Tuesday, 10 October 2017

When the news feels too scary...

Sometimes you watch the news or read something in the paper and your spirit plummets. 

The world seems beyond redemption. 

Your mind spins as you struggle to make sense of it all.

Are you really a member of this species who so readily seek out hatred; who appear to savour the horrors of war?

As a news junkie I’ve adopted ways of protecting myself from what I call ‘nadir moments’, so before you drop down a canyon of personal despair, seek comfort in this guide to dealing with hate.

The last story that affected me badly was concerned with a fairly unsensational man. UK LibDem politician Vince Cable is remarkable only in that he’s become his party’s leader at 74.

I have no reason to disbelieve his recent revelations that as Business Secretary during the Tory-LibDem coalition government, he saw up to nine studies that showed:

“… that immigration had very little impact on wages or employment, but this was suppressed by the Home Office under Theresa May, because the results were inconvenient.”

Even now I feel a stab of fury: an inconvenient truth, suppressed by a Tory who is now Prime Minister, because she knew better than to care about mere facts. 

May knew well that immigration was boosting the UK economy, because along with cohorts of business leaders, The Institute for Fiscal Studies had advised her that the UK’s migrant workforce was actually creating jobs for UK workers.

Yet instead she sat on all those reports, because people don’t want to hear that immigration helps. They want someone to blame. They need to hear talk of controlling borders, and so the hate continues.

My heart sinks through the floor as I wonder who the hell we are. Do facts now play no part in the machinery of democracy? 

There’s nothing new in politicians saying what they know people want to hear, but don’t we want to hear the truth? Are we fearful of the truth?

People wash their hands by talking of post-truth eras and alternative facts, while their bigoted beliefs are bolstered by a bombardment of lies on social media. 

Populists appear to fill the void left by empirical truth, claiming to represent the voices of the unheard, perpetuating lies believed by the great misled.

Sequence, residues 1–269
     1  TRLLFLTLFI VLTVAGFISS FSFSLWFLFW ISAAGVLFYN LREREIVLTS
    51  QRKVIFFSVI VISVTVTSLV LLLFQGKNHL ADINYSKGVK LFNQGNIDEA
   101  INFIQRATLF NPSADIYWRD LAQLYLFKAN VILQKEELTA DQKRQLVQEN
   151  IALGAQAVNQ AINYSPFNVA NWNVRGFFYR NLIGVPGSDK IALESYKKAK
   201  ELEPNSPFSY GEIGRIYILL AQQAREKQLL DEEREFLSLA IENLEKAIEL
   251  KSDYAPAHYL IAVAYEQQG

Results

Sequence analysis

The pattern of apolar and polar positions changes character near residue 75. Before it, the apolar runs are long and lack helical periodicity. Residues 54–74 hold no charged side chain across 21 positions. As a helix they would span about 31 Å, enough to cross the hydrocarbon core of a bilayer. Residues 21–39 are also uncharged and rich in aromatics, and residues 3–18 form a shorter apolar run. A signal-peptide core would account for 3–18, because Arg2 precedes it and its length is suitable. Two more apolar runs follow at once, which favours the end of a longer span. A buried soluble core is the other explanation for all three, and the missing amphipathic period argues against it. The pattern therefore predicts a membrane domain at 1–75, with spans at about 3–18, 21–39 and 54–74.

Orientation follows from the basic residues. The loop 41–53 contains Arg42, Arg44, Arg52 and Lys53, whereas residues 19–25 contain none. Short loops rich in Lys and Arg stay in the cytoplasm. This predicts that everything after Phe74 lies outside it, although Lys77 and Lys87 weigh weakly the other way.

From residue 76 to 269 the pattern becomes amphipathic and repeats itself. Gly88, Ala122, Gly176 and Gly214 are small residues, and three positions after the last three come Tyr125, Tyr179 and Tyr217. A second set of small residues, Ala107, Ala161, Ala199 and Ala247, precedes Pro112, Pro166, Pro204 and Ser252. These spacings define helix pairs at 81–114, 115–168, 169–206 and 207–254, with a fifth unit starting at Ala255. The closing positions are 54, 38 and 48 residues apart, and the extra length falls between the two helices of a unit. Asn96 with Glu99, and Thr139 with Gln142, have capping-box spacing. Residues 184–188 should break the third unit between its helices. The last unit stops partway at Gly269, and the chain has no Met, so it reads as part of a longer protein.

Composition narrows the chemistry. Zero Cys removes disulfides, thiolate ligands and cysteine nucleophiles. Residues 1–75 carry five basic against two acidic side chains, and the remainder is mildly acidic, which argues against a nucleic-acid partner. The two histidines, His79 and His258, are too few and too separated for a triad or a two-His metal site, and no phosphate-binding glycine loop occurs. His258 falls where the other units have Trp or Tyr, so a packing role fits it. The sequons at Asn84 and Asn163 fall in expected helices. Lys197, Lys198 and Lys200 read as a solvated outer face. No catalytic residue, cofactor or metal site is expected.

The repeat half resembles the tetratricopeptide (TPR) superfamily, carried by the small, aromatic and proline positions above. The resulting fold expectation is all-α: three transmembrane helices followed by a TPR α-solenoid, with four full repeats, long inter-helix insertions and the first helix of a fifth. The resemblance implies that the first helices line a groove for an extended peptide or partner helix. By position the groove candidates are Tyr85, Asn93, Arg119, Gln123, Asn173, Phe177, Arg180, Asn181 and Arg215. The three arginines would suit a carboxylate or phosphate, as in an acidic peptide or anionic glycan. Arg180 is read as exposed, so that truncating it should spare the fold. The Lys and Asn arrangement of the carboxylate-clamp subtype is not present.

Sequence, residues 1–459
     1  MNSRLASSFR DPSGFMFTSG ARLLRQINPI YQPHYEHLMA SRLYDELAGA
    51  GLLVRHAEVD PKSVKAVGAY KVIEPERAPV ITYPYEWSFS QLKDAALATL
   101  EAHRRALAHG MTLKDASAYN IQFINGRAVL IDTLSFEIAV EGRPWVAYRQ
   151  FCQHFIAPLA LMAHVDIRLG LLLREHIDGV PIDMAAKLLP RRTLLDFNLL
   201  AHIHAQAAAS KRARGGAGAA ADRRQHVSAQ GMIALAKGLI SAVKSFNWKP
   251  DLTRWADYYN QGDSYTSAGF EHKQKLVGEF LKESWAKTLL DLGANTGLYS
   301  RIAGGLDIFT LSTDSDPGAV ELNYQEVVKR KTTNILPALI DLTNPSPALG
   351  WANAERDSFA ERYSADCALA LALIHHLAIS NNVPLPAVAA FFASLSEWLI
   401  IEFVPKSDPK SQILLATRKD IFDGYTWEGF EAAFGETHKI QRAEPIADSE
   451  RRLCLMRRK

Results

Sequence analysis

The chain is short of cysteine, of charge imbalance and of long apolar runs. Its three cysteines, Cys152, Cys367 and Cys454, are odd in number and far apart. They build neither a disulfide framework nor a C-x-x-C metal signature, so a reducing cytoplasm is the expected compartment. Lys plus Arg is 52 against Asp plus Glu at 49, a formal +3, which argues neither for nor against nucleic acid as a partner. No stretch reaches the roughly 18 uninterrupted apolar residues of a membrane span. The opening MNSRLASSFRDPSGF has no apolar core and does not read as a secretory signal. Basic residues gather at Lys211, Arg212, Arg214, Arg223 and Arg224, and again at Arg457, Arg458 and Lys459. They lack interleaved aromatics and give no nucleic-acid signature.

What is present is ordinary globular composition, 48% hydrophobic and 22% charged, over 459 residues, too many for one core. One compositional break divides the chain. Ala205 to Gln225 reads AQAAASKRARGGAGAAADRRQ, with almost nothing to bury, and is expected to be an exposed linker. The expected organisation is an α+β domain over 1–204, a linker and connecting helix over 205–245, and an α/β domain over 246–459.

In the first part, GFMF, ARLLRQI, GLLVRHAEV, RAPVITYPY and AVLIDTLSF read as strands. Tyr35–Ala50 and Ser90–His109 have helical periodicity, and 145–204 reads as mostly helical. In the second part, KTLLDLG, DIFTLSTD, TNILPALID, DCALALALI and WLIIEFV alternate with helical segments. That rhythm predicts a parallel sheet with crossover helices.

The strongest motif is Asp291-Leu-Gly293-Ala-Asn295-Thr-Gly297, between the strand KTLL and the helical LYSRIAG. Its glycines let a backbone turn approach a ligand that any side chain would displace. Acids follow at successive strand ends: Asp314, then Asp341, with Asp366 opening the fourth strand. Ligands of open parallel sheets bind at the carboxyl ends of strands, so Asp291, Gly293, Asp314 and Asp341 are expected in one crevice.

That’s when you end up with Alternative für Deutschland winning over 90 seats in the Bundestag.

They claim that Islam does not belong in Germany.

As a Jew I find such absolutism plain terrifying.

As a human being, I despise this whole paradigm of politicians stoking racial hatred to gain power, placating the people their redundant systems have so sadly failed and

and oh god 
and oh no 
and oh there's no hope for us, so eager to seek division and conflict 
and all of a sudden I’m there, in the bad place, where it all feels too much.

Taking a deep breath I exhale slowly, climb into my car and drive over to the east side of Galway City, where I can sit and have a cuppa with Whispering Blue.

My friend has a brain the size of a planet. He knows so much that somehow, each time I hit the fear zone, he puts everything back into perspective. By the second cuppa we’re talking about whether Pep can play Sergio Agüero alongside Gabriel Jesus.


When I worry about nuclear war with North Korea, I go for a walk up the bohreen and stare at the long golden grasses that fringe the edge of the bog, waving in the stiff Autumnal breeze. I wait until I feel comfortably calm, happy to accept I'm unable to influence that situation.

When my anger erupts over the way successive governments have awarded themselves (and all of Ireland’s bigwigs) disgustingly vast and decadent pensions, while spending on the homeless crisis has shrunk beyond belief, I give to the Simon Community, so that I can feel truly dissociated from their rampant greed.

When my brain turns into mental spaghetti as I try to work out who is more dangerous - a clever populist like Johnson or a dumb demagogue like Trump - I pull myself back from the brink by heading to one of the West of Ireland’s myriad white sand beaches, where I sit on a rock, watching the tide ease out. 

As my fury rises at the injustice of Direct Provision and the nauseating hypocrisy of Irish governmental attitudes to immigrants, I grab Lady Dog’s rope toy and we have a game of Grr and Pull.

When I worry about Climate Change I walk the Prom, reassured by the familiarity of what still is, rather than agonising over what might be lost.

Instead of upsetting myself over the future of humanity, I hug my wife until she can hardly breathe, feeling the wonderful oneness and unique intimacy of such an embrace.

When life as a whole goes horribly wrong, I head to my hills, the Twelve Pins, because in my personal experience, there is no spiritual ailment that Connemara cannot cure.

It’s our duty as humans to know what makes us feel better. Of course everyone has different ways of surviving the horrors of the world. It’d be plain weird if you turned up for tea at Whispering Blue’s gaff.

Whether you go to the cinema with your kids, share coffee on Quay Street with friends or row a boat across a lake on your own, you must remind yourself that in contrast to most of the world out there, your life here in this corrupt tiny republic is pretty bloody marvellous.

Don’t feel smug: appreciate it, and if you value your personal safety, stay away if you see me on a beach.

© Charlie Adley

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